Bent Lexner lives in a row of modest but stately apartments overlooking Østerport Station in the eastern part of Copenhagen. Denmark’s chief rabbi since 1996, Lexner was rushed on Thursday morning, cutting short an early interview because of a death in the community. Danish Jews can barely spare a soul. Only about 2,000 of them are members of the Jewish community. And, depending on how you count, there are perhaps as many as 8 or 10 thousand more. No one really knows.
Lexner ministers to a population well integrated into one of the world’s most secular cultures, a group that overwhelmingly does not share his Orthodox practice and intermarries at an impressive clip. All of which has led Lexner to adopt a more pragmatic posture than many of his Orthodox colleagues elsewhere. He counsels couples facing the prospect of an intermarried son or daughter not to pressure too much, not to cut ties, and certainly not to sit shiva if the marriage goes ahead. Children are admitted to the Jewish day school even if they are not halachically Jewish, though the expectation is that eventually a conversion will take place under Orthodox auspices. Thursday, I asked the community president, Finn Schwarz, if conversion was obligatory.
"You’re in Denmark. We don’t have requirements," Schwarz told me. "We have a common understanding."
Denmark’s Jews are disappearing — perhaps not entirely, not as individuals. But as a distinct religious subgroup, it’s increasingly hard to see how the community can persist much longer in anything other than a highly truncated form. In the middle decades of the 20th century, the community had about twice as many members as it has now. Lexner predicts that in 50 years the community will be "very, very small," and really more of a "friendship club" than a religious community. WIll a friendship club be able to sustain a chief rabbi, a functioning daily synagogue, a school, and two nursing homes?
In a sense, Danish Jews are victims of their own good fortune. Virtually alone among European countries, Denmark has been remarkably welcoming and protective of its Jewish minority. Nearly all of its Jews survived the Holocaust and the country has been, by European standards, markedly free of anti-Semitism. As a result, Jews have done exceptionally well here, becoming leaders of industry and the professions, and rising to high government office. But that degree of openness has exacted its price, and the consequence may be the dissolution of a community with nearly 400 years of history.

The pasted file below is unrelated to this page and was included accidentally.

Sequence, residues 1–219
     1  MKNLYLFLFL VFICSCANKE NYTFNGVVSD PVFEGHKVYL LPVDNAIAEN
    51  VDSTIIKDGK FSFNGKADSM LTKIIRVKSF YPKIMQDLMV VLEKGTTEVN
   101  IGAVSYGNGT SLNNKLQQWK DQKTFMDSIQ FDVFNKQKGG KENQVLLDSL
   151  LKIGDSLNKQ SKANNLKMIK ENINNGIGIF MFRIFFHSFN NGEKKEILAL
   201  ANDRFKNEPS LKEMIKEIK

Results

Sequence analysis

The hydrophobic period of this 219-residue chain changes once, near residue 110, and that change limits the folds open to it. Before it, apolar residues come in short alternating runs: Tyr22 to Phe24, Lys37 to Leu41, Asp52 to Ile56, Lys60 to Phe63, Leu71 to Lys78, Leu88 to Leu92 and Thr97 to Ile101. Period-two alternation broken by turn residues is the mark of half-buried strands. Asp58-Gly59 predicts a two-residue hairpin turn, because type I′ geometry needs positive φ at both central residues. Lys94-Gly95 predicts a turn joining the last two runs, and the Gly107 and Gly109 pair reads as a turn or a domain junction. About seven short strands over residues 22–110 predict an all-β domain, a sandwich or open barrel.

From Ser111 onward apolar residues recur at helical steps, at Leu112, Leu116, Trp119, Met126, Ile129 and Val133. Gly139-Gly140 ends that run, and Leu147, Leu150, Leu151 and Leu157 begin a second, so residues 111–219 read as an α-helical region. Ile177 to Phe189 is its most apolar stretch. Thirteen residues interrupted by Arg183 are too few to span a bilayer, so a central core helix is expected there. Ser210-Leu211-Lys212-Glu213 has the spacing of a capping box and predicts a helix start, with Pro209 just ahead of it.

You get a sense of some of that history at the Danish Jewish Museum, a typical Daniel Libeskind concoction with slanted floors and disorienting corridors that makes you feel slightly off kilter. It’s an effect that works well in Berlin and Osnabrück, where the museums in question are meant to illustrate the discontinuity and anxiety wrought by the Nazis.
But Danish Jewish history is astonishingly uncorrupted by the sort of ruptures that beset other European Jewish communities. The museum is appropriately modest in size, but its display cases tell the story of a community embracing of its Danish-ness even as it absorbed successive waves of immigrants fleeing oppression in the East. Absent those waves, the friendship club of Lexner’s imagination would likely have already come to pass.
It’s rather depressing to contemplate — and not only because the end of anything is always a little bit (and sometimes a lot) sad. But also because it seems to confirm several facts about the modern Jewish experience that I’d prefer to deny — that in the absence of anti-Semitism, Jews will willingly surrender their identity en masse; that only the Orthodox have the commitment to ensure Jewish life survives; and that the Orthodox, insistent on living in communities well insulated with droves of others like them, will largely abandon places like Denmark — as they largely have, for Israel, London or elsewhere. Lexner has three children, all of whom live in Israel.
The Danish lesson would seem to be this: In a peaceful, prosperous, tolerant, stable, democratic, liberal, bike-loving country — absent throngs of other Jews — Jewish life will wither.
LIke I said, it’s rather depressing.